Tip 1: If you have a Hotmail or AOL account, it’s time to upgrade. If your email address is with one of these outdated accounts, job recruiters will think you’re living in the past. Make yourself a Gmail account or an email address tied to your personal website.
Tip 2: Be sure to hyperlink your email address, LinkedIn profile, and social media handles so the recruiter can find you online easily.
Tip 3: Don’t include personal information, such as your age, marital status or religion. Employers are not allowed to ask about this personal information.
Be sure to list your skill set near the top of your resume in its own separate section. If you’re familiar with a new surgical procedure, for example, mention it. Tailor this section to the specific job you’re applying for. Remove skills that may not be as relevant, and list qualifications that tell a potential employer you can handle the position with ease.
“You need to list your employers, your job titles, dates of employment and highlights of what you did in each position,” Pursell said. “It’s especially important to include your accomplishments and what you did to benefit your employers.”
Is your salary based on production at your current veterinary practice? If the practice makes these metrics available to you, include them in your resume. Did you save the practice money by implementing a new protocol? Mention how much you were able to save. Were you part of a research team in veterinary school? Describe what you accomplished. Your potential employer wants to see what you have actually done with your career or during veterinary school.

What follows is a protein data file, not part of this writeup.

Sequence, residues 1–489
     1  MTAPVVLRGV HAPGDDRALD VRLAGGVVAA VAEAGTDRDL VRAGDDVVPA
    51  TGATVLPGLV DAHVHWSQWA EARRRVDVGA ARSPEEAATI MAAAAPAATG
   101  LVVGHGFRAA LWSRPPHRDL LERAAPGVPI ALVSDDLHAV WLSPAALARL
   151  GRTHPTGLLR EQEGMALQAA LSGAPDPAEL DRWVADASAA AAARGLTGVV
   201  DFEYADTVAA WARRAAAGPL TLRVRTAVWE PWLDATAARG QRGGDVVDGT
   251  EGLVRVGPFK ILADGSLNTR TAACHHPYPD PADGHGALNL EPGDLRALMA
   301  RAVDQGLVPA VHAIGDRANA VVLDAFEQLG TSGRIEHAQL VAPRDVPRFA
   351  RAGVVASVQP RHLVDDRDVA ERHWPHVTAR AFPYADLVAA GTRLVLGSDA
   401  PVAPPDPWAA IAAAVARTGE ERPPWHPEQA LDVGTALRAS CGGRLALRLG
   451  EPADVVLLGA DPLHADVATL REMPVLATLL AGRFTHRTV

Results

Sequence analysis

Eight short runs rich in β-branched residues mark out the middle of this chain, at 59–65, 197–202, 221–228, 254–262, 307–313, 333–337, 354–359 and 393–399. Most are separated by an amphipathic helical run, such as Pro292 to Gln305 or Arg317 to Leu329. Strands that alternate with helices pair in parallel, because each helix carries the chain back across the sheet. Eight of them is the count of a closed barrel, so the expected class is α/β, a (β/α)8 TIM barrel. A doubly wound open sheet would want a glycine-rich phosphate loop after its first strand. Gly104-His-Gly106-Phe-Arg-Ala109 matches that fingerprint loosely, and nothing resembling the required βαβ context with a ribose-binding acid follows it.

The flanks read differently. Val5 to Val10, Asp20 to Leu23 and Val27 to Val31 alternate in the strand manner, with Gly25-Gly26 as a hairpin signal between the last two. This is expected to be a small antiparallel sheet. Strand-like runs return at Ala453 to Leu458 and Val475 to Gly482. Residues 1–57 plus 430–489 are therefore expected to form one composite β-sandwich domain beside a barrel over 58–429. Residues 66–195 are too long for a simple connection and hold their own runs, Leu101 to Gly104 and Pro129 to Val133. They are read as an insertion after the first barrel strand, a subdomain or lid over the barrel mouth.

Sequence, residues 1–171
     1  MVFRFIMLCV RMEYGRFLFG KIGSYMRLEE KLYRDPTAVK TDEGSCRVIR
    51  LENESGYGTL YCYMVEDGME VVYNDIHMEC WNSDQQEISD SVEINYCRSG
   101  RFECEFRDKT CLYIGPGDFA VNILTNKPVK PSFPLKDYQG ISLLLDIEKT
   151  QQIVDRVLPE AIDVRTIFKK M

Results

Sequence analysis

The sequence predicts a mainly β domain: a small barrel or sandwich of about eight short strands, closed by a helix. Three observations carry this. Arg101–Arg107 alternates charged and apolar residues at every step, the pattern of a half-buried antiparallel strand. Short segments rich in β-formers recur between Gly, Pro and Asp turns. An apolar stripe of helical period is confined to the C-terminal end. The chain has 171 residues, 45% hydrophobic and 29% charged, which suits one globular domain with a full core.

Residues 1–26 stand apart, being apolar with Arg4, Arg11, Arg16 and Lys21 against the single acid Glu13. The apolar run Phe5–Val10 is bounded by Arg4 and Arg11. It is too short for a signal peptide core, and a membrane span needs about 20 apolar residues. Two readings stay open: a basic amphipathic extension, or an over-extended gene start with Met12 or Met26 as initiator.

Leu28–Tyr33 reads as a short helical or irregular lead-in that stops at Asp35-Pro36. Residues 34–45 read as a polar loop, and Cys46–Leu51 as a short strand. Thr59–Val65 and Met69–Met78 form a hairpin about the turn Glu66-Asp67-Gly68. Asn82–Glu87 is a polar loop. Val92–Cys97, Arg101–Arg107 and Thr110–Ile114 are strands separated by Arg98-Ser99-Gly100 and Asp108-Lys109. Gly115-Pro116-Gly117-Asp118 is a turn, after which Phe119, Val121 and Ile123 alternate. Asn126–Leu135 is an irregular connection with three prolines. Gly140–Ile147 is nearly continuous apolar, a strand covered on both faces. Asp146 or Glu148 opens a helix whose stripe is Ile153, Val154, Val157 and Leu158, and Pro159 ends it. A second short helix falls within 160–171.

Tip 1: Avoid overused phrases like “quick learner” and “hard worker,” and instead list hard skills that show the recruiter exactly what you can do.
Tip 2: Having trouble finding real numbers? Look to past performance reviews or recommendation letters for ideas.
Control Your Timeline
If you’re an experienced veterinarian, consider deleting your early jobs and internships from your resume. Include only work experience that is relevant to the position you’re applying for and shows the progression of your career. You may not even want to include the date you graduated veterinary school — some employers may find you too young or too old.
Pursell also said it’s important to make sure you’re listing your work history in reverse chronological order. “The recruiter is expecting that the job listed at the top of your resume is your current position,” she noted.
Tip 1: Unless it’s essential to your narrative, leave any work experience that dates back more than 20 years off your resume for good.
Tip 2: If you’ve been out of school for longer than three years, don’t include your grade point average on your resume.
- The truth about dog people: new survey and infographic tell all. Rover website. rover.com/blog/the-truth-about-dog-people-infographic/. Accessed October 25, 2017.
- Guthrie A. 85% of veterinary staff harassed by pet owners over money. VetSurgeon.org website. vetsurgeon.org/news/b/veterinary-news/archive/2017/10/06/85-of-veterinary-staff-harassed-by-pet-owners-over-money.aspx. Published October 6, 2017. Accessed October 25, 2017.
- Bell SK, Smulowitz PB, Woodward AC, et al. Disclosure, apology, and offer programs: stakeholders’ views of barriers to and strategies for broad implementation. Milbank Q. 2012;90(4):682-705. doi: 10.1111/j.1468-0009.2012.00679.x.
- RCVS Council approves new College-funded mediation service. Royal College of Veterinary Surgeons website. www.rcvs.org.uk/news-and-views/news/rcvs-council-approves-new-college-funded-mediation-service/. Published October 13, 2017. Accessed October 25, 2017.
- Headlee, C. We Need to Talk: How to Have Conversations That Matter. New York, NY: HarperCollins Publishers; 2017.